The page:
Our vision puts patients right at the heart of general practice, looking at ways we can be better GPs and offer more and different services to our patients - and at the same time, ease some of the unworkable pressures we currently face.
The important thing is that our patients trust us and we need to retain their trust as we deal with these pressures and depleting NHS resources.
As our population ages and patients routinely present with complex, multiple morbidities, whole-person care is becoming ever more vital, as opposed to treating individual conditions.
Continuity of care and integration of primary, secondary and social care are also essential.
The 10-minute consultation is out of date. We need to be able to offer more flexible consultations to meet patients' needs. We need to start working in federations of practices and to act as guides for patients as they navigate around the health service.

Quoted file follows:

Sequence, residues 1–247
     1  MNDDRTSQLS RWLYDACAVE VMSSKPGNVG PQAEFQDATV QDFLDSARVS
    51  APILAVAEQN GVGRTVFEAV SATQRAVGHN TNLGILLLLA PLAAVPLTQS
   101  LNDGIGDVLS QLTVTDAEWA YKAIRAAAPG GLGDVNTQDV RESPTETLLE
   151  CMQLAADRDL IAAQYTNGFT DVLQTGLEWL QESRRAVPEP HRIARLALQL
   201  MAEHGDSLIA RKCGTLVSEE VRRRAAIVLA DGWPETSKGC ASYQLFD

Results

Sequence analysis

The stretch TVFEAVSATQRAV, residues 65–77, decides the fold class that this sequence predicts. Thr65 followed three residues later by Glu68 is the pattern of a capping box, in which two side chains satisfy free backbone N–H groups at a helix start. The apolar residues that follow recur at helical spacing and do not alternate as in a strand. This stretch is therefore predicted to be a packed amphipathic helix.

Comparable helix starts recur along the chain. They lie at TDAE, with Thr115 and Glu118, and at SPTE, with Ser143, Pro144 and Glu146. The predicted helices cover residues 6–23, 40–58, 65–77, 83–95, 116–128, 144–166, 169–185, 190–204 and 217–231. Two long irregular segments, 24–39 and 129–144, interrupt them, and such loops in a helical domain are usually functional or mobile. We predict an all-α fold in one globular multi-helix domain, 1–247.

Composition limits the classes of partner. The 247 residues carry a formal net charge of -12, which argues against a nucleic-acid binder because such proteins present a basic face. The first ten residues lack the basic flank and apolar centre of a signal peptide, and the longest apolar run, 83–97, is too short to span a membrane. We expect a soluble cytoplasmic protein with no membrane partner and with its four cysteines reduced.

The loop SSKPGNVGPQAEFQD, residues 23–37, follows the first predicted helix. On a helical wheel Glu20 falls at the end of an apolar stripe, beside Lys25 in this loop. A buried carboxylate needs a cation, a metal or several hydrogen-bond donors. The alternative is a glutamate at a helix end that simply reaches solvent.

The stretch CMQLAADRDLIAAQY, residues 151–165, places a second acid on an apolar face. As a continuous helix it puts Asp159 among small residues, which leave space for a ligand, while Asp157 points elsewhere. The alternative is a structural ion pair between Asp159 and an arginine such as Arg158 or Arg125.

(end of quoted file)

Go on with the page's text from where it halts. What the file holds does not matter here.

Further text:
GPs also need to start making more use of IT. Telephone, the internet, email, text message and even social media will increase GPs' capacity to see more patients at more flexible times. The future will also see greater emphasis on self-care.
The challenges are daunting, especially when our workloads are ballooning. But patients and the NHS need GPs more than ever.
It is essential that the government responds to our call for more spending in general practice and for more GPs. We provide the most cost-effective care in the NHS but it is unsustainable for us to keep making 90% of all patient contacts for only 9% of the budget.
A healthy NHS depends on healthy general practice and if we buckle, the impact on the rest of the health service and our patients will be disastrous.
The college has outlined a bright future for general practice and a route map for how to get there. We now need the funding, resources and support to make it happen and to ensure the NHS is still treating patients in another 65 years.
- Professor Gerada is a GP in London.